Boeing P-8 Poseidon

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Boeing P-8A Poseidon
Description (data for -800)
RoleASW/Sea surveillance aircraft
First Flight25 April 2009
Entered ServiceFebruary, 2012
Sucessor ofLockheed P-3 Orion
Number builtin production
Unit costM$200 - M$275
Length39.5 m129 ft 5 in
Wingspan37.64 m123 ft 6 in
Height12.83 m41 ft 1 in
Wing area125 m²@ ft²
Empty Weight62,730 kg138,300 lb
Maximum takeoff weight85,820 kg189,200 lb
Enginestwo CFM International CFM56-7B27
Thrust121.4 kN (each)5,480 lbf (each)
Maximum speed907 km/hMach @
Cruise speed815 km/hMach @
Range (max load)2,222 km1,200 nm
Service ceiling12,500 m41,000 ft
Armament11 weapon hard points (five in the bomb bay, four under the wings and two under the fuselage), total weapons load 10,000 kg (22,000 pounds); AGM-84H/K SLAM-ER, misseles, mines, torpedoes, Boeing HAAWC





The P-8 Poseidon is a long-range anti-submarine warfare, anti-surface warfare, intelligence, surveillance, and reconnaissance aircraft. The P-8 is unique in that it has 767-400ER-style raked wingtips, instead of the blended winglets available on other 737NG variants and is designed for maximum take-off gross weight of 187,000 lbs (85.139 tons). It will have a 1,200 nm range, sustain four hours on station. The plane accommodates a crew of 9 and is powered by CFM56-7 engines. According to CFM International, protrusions in the engine nacelle are needed to make room for the bulkier 180kVA integrated drive generators (IDG), one for each engine, that the US Navy needed for its mission. The 737-800, on which the P-8A is largely based, uses 90 kVA generators. The P-8 will carry the Raytheon AN/APY-10, itself a derative of the AN/APS-137. Its provides maritime, littoral, and overland mission capabilities and has a mission radius of 1,250nm (2,315km). The multi-mode system supports SAR and ISAR operating modes, surface search and periscope detection with TWS capability, navigation, weather modes. The ESM suite is a Northrop Grumman supplied AN/ALQ-240(V)1.

P-8I Neptune

Boeing company designation for model ordered by India to replace the Ilyushin Il-38 May in Indian Naval service, equipped with the AN/APY-10(I) with added air-to-air modes. To ensure 360 degree scanning however, the Indian Navy has got an aft AN/APS-143C(V)3 Multi-Mode Radar for rear coverage. Finally, the P-8I is - unlike the US Navy P-8A - equipped with MAD equipment.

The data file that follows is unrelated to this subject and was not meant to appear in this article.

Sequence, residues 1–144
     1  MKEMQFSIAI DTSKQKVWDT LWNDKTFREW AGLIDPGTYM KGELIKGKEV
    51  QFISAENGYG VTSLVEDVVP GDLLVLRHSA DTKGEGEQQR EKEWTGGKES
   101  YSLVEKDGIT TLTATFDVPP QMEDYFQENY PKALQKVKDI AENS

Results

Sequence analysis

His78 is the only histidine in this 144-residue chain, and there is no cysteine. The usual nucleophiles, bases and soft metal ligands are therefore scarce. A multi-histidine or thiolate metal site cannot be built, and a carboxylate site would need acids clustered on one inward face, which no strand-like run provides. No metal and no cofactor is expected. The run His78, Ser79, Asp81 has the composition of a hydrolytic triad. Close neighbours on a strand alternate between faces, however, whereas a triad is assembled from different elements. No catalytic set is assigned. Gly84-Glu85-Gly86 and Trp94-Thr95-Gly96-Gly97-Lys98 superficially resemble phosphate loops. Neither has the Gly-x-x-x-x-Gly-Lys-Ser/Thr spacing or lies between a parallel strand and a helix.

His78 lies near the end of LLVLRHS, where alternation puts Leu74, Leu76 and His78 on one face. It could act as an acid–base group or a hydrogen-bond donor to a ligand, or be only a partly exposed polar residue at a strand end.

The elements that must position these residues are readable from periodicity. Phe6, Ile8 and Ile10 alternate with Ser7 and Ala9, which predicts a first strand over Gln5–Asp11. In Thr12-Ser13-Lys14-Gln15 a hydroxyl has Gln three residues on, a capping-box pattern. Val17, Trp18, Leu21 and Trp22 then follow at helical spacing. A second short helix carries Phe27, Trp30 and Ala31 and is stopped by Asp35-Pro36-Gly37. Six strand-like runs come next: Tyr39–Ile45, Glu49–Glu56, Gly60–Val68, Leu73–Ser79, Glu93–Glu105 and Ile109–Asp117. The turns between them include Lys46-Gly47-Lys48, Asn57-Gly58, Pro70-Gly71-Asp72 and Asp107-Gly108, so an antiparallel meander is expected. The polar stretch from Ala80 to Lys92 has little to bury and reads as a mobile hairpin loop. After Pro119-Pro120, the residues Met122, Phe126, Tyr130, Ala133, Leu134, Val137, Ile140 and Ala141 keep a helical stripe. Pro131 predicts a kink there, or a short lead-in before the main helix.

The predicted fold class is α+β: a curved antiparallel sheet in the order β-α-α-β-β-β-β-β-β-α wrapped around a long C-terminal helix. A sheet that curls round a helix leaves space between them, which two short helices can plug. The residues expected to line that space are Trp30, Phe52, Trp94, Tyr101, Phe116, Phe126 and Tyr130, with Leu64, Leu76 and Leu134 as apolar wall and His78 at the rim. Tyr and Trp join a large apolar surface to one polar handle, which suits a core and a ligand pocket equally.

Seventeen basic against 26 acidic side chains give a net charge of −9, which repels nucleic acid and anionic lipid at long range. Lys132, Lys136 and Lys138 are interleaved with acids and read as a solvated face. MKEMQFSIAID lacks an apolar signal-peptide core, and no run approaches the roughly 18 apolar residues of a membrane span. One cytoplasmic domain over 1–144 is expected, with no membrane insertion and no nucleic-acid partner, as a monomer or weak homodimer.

Proposed versions


Boeing proposed successor to the EP-3 Aries fleet to provide an airborne ISR platform based on the P-8A airframe. Raytheon would provide the sensor-systems integration. Not ordered yet.

Incremental development

Increment 1

Initial Poseidons are delivered in the Increment 1 standard, essentially an improved version of the P-3C Orion mission systems. Increment 1, scheduled to start in 2015, include ECP-1 (Multistatic Active Coherent acoustic capability, increasing ASW detection and tracking capabilities), ECP-2 (Automatic Identification System and HAAWC Phase 1 integration) and ECP-3 (full HAAWC capability and Mk54 torpedo integration).

Increment 2

Increment 2 will focus on anti-submarine warfare. The aircraft will be equipped with a new Multi-static Active Coherent (MAC) system, which will enable the fast, high-flying jet to search for enemy submarines over a much larger area with a network of active and passive sonar buoys. The other part of the Increment 2 upgrade includes the AIS, integration if the external Raytheon AN/APS-154 Advanced Airborne Sensor pod, (a derivative of the Raytheon AN/APS-149 Littoral Surveillance Radar System), new computer architecture to add rapidly add new capabilities, a new TOC, and a high altitude ASW system. The TOC would allow a MQ-4C BAMS UAV to coordinate seamlessly with the P-8, and would allow the Poseidon to better manage its various ASW activities and sensors. Those capabilities should become operational around fiscal year 2015.

Increment 3

A follow-on Increment 3 capability is not yet been fully defined, but will include the ability to have some level of control of the MQ-4C Triton. It would also have further architecture improvements to allow for roll-on/roll-off capabilities that might enable the jet to take over certain intelligence-gathering missions currently assigned to the EP-3 Aries. It would also have a new high-altitude ASW weapon and a new "digital, net-ready" anti-surface ship weapon that would improve upon on the existing AGM-84 Harpoon missile. It might also incorporate JDAM weapons and the AAS radar, a development of the AN/APS-149 Littoral Surveillance Radar System (LSRS) carried by US Navy P-3C BMUP Orion aircraft. The AAS will allow the P-8 Poseidon to provide targeting information for onboard AGM-84H Harpoon or RGM-109/UGM-109 Tomahawk Block IV missiles carried by other US Navy ships or submarines.


It is being developed for the US Navy to replace its ageing Lockheed P-3 Orion fleet. The US Navy plans to purchase 117 P-8A to replace its fleet of P-3 Orion aircraft.


First LRIP contract (LRIP-1) for six aircraft, awarded January 2011 by the US Navy. On March 4, 2012 Boeing officially delivered the first production P-8A Poseidon aircraft (LRIP-1-1) to the US Navy.


Second LRIP contract (LRIP-2) for seven aircraft, awarded November 3, 2011.


Third LRIP contract (LRIP-3) for eleven aircraft (worth $1.9 bn), awarded September 25, 2012.


Fourth LRIP contract (LRIP-4) for thirteen aircraft (worth $2 bn), awarded August 1st, 2013.


First FRP contract (LRIP-5) for sixteen aircraft (worth $2.4 bn), awarded February 26, 2014.




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